Egg Farmers of Canada write a book to crack down on egg myths

The wisecracking book aims to counteract notions about health that have trickled down to younger consumers.

EGG PRES - STATUS

Egg Farmers of Canada are looking to fight the ways some consumers have been misinformed about eggs with hard-boiled facts.

A new campaign hinges on a coffee table book titled “The Super Legit Book of Really Real Egg Facts.” The book’s primary aim is to tackle the misconception that eggs cause an increase in cholesterol levels in those who eat them.

Egg Farmers of Canada have always tried to tackle nutrition alongside their mainstream marketing efforts, says Kim Kesseler, nutrition manager at the organization. This year, however, it is adjusting its cholesterol messaging to target a younger group than its usual 50+ audience.

“In the past, the programs addressing cholesterol were specifically targeted at an older-skewing audience, because we knew cholesterol concerns are higher in that group,” says Kesseler, while ads targeted to younger groups have taken more of a kooky approach to expanding the meal occasions they consider eggs for. “But when we researched this again in 2020, we found those concerns were shifting from that 50+ segment to adults aged 18 to 39, who are more the professional couple or young family.”

By turning that same wisecracking tone to a new subject, the hope is that the coffee table book will provide the organization with a new and creative way to break through with its messaging.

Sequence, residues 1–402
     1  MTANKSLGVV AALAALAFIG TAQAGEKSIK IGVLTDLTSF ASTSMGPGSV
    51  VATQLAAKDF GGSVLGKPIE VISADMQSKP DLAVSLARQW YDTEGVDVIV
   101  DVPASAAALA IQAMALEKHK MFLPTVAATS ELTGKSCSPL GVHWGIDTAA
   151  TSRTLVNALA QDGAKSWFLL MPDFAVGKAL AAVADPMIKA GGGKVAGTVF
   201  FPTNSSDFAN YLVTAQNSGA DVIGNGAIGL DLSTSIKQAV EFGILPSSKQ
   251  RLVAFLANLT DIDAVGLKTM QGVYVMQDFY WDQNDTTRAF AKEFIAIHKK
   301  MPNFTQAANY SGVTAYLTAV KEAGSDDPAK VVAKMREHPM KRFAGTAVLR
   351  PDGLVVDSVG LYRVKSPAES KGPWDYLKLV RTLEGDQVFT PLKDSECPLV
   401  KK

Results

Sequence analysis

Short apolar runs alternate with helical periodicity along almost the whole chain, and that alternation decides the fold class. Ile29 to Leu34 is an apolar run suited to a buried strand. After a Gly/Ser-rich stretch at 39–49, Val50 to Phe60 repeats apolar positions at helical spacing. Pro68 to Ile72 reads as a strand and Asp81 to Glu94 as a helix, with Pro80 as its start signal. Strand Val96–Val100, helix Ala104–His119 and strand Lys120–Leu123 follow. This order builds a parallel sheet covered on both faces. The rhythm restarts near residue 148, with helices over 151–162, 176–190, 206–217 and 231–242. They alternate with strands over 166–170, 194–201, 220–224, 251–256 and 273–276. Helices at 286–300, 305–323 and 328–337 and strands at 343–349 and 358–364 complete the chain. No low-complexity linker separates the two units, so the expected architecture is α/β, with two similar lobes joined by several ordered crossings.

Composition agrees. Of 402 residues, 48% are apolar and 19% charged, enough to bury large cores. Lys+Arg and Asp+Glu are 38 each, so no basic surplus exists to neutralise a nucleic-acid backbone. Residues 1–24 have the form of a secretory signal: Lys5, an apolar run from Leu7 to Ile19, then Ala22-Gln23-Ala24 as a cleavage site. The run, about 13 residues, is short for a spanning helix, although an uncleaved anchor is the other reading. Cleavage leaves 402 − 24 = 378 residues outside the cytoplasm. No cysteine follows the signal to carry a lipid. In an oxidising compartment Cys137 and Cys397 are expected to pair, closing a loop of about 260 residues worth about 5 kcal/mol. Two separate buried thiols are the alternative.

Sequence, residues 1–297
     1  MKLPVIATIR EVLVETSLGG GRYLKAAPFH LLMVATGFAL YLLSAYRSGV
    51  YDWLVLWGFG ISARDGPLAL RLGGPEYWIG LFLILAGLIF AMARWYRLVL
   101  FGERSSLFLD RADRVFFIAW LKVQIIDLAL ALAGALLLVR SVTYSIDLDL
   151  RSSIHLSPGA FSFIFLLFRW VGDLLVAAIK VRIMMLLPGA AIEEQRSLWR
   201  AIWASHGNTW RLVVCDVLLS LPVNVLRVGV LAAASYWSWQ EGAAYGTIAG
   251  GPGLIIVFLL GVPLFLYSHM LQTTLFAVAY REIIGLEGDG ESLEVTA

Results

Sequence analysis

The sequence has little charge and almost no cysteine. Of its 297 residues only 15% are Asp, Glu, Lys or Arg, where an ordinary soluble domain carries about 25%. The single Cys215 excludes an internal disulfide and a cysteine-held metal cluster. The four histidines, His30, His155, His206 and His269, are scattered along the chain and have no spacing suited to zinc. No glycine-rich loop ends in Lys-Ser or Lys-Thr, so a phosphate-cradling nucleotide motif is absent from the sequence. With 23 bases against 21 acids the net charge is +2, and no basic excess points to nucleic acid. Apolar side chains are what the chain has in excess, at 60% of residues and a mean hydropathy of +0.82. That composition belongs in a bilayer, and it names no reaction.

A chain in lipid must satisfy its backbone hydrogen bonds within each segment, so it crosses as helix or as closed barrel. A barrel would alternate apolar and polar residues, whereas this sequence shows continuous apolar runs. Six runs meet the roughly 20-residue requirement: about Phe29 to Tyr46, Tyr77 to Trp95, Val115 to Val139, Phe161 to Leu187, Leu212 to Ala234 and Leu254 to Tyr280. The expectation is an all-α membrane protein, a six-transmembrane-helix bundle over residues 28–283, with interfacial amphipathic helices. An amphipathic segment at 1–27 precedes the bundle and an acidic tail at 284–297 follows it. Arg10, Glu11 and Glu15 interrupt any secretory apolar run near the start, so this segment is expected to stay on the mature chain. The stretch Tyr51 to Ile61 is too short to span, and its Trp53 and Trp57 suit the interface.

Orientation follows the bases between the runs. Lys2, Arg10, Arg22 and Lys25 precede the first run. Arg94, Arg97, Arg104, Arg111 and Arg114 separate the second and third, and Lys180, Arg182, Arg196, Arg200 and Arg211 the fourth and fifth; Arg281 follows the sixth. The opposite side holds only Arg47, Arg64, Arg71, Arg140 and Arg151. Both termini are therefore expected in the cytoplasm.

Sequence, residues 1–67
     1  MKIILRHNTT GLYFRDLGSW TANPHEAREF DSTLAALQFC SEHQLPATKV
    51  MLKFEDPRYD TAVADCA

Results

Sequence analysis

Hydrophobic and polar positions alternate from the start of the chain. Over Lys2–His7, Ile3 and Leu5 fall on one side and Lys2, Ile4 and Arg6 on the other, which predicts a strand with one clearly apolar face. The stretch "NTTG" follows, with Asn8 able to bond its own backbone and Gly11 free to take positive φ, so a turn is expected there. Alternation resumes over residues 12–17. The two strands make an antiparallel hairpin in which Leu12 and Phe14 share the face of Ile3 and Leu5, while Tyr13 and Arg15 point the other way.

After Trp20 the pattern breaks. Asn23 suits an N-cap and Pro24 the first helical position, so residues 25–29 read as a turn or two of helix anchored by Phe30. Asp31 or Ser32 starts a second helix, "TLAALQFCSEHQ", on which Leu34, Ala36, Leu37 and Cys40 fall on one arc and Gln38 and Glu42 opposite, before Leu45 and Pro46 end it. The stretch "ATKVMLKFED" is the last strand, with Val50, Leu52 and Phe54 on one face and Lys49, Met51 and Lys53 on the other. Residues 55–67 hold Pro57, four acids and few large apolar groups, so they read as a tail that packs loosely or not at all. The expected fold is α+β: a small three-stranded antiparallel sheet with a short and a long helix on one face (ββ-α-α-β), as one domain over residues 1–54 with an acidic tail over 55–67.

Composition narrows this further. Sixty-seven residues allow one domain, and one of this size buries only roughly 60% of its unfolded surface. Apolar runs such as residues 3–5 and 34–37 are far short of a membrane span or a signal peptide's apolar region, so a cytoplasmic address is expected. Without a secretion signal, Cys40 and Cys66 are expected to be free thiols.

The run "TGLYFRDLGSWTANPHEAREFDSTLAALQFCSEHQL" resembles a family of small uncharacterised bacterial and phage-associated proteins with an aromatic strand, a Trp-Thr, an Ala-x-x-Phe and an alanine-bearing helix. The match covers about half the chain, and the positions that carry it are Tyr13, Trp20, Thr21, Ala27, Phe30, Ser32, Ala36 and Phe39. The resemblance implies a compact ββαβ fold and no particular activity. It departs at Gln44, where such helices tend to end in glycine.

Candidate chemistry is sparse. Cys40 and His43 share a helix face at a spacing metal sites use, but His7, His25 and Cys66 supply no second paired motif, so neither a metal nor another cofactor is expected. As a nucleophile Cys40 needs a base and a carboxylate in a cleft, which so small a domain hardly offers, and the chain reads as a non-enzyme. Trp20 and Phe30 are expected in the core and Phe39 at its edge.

“Media and influencers get dozens, if not hundreds, of things sent to them every week and we needed to make sure our message could compete with that,” says Josh Budd, CCO with Citizen Relations, which developed the book and the campaign around it. “The book is a little absurd, but we’re fighting fire with fire a little bit. We need to be absurd on our end so the people paying attention to those myths online can hear our message as well.”

To help boost that message, Citizen ran a full-fledged PR campaign. It sent “#CrackingMyths kits” to an array of journalists and influencers in the lifestyle and food space that included the book, as well as a recipe card and serving dish.

In addition, Egg Farmers of Canada partnered with influencers including Abbey Sharp, Laurence Bergeron, Jessi Cruickshank, Brandon Gonez and Alanis Desilets to share content that playfully debunks some of the misconceptions about eggs. Sponsored content – both articles and social posts published by lifestyle outlets TheKit, Glory and Vero – rounded out the campaign.

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